Wednesday, July 25, 2007

I am rushing off to London for my terrifying Tamil class. All the other beginners dropped out, so I've been incorporated into an advanced class that swooshes merrily over my head. As a result, I can't think clearly about anything much on Wednesdays - so have a poem from one of my favourite South African poets:
Overseas Visitor - Chris Zithulele Mann, South Africa, born 1948

It happened in my sister's backyard in Johannesburg.
I'd packed my bag, was late for the plane back home
and rushing to say goodbye to her husband and young.

Their guest, gentle, humorous, urbane of speech,
the poet and novelist from Delhi, Vikram Seth,
was jetting round the linguisphere of Planet Earth

to plug into its scattered English-speaking nodes
his latest chip, a macro-byte of India's dharma.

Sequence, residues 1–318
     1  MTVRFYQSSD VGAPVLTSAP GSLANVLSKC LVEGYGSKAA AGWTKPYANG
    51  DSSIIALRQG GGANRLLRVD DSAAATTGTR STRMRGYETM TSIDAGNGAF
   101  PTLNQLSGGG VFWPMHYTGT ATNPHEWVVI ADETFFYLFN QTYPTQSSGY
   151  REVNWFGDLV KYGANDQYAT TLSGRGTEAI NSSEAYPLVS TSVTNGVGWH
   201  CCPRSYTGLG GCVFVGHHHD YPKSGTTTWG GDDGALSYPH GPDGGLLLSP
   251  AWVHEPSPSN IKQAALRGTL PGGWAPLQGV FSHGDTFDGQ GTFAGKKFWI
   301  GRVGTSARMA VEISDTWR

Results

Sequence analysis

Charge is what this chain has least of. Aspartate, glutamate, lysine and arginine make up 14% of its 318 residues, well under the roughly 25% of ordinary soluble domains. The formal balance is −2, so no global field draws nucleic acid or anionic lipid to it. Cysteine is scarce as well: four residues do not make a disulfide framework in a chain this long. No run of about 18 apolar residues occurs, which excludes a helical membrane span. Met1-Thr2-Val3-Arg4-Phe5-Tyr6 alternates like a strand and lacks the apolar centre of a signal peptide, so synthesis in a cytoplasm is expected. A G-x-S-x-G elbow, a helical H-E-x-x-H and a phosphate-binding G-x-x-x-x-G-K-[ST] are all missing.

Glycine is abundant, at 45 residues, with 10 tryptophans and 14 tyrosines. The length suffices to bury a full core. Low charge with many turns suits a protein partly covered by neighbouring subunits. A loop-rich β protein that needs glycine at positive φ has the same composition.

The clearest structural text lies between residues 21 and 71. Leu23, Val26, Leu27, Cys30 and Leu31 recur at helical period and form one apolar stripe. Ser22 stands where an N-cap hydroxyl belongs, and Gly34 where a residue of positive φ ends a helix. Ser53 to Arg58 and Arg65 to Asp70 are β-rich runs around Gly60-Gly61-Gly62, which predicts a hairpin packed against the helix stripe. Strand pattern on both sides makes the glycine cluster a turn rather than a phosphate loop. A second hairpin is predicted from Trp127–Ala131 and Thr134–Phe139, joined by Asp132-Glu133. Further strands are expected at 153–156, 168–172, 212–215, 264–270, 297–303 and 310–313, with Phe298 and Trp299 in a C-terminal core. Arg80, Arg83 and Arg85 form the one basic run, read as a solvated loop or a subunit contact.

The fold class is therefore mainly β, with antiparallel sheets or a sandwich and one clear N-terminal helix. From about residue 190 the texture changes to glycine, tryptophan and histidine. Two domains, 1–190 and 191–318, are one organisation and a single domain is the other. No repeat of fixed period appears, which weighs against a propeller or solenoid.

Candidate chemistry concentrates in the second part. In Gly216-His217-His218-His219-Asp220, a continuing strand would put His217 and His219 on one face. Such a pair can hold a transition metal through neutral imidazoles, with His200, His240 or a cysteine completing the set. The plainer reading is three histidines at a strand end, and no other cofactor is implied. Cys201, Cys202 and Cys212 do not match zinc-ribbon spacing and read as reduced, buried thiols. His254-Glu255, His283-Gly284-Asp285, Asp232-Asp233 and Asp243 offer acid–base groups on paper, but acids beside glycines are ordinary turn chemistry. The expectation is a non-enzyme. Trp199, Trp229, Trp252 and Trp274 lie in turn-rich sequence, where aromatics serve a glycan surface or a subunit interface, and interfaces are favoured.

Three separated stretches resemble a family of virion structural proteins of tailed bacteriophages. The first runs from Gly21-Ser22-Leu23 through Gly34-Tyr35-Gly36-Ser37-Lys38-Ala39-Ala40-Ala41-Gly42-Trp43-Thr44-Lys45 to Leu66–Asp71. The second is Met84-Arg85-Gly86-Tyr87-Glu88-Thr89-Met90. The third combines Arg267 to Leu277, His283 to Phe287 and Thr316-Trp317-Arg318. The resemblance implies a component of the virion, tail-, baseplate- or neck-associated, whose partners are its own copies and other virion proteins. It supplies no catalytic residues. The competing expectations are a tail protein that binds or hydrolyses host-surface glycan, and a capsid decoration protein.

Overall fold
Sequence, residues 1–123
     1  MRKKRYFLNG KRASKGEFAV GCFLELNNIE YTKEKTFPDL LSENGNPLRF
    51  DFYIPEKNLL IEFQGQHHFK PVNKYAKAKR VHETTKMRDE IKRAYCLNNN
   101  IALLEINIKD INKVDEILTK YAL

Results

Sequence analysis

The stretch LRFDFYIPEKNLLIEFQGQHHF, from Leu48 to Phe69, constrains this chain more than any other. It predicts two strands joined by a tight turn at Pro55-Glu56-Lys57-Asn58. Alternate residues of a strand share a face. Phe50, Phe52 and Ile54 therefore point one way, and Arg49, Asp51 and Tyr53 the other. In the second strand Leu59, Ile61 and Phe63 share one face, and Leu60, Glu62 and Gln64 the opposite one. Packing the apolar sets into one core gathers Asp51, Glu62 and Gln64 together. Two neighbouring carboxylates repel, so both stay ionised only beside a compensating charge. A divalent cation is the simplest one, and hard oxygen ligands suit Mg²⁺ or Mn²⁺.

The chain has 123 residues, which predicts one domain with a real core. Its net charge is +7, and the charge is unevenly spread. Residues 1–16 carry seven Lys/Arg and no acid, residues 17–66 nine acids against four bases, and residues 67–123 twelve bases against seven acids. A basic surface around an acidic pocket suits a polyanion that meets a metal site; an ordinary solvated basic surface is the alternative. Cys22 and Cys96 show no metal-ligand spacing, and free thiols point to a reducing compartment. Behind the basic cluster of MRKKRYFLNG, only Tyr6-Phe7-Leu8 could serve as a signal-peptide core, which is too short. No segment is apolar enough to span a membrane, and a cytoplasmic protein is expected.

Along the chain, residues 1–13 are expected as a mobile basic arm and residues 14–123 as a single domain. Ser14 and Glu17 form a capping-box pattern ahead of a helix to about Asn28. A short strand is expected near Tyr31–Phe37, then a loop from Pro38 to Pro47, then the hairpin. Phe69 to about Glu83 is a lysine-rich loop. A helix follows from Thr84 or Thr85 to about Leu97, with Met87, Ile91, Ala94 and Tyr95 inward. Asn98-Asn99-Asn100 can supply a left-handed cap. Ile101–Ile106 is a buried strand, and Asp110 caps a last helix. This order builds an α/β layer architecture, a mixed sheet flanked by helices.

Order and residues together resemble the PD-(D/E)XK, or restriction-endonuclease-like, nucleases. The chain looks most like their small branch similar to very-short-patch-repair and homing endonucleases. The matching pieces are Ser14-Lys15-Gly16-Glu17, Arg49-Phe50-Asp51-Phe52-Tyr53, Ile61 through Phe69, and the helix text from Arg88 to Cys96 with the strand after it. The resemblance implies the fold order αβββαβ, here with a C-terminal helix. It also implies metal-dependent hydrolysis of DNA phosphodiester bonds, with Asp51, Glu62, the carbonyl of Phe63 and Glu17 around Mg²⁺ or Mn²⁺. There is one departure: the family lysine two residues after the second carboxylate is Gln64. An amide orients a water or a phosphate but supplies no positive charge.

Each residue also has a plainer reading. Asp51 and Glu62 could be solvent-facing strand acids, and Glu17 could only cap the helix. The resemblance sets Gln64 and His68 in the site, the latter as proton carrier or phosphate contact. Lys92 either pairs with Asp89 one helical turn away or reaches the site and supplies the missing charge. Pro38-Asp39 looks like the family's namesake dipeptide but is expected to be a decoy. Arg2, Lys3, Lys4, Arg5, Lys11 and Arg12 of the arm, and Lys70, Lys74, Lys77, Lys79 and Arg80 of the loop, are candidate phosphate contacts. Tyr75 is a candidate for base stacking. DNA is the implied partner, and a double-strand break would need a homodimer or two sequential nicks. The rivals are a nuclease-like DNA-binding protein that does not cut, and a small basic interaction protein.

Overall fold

With hands on hips, stretching a troublesome back,

he stood beside the tumble-drier, holding a shirt,
drifting, as often that week, back into a privacy
I thought I recognized, where shades emerge and fade,

where present hopes and old regrets, fresh hurts
and solitude are reconciled and generate new dreams.
Mandela being out of prison, the first elections

still a mirage on a wavering, smoke-smudged horizon,
history was breaking out, around and within us.
Standing in the doorway, I started to say goodbye,

remembering a novel set in the raj, rough terrain,
an Indian and colonist on horses, near friendship,
the author, the era stating No, not yet, not there.

A lifting of eyelids. A smile. And then, suddenly,
the dharma, around and within, was urging Here, Now.
I dropped my suitcase on the threshold and embraced.
from THE NEW CENTURY OF SOUTH AFRICAN POETRY edited by Michael Chapman.



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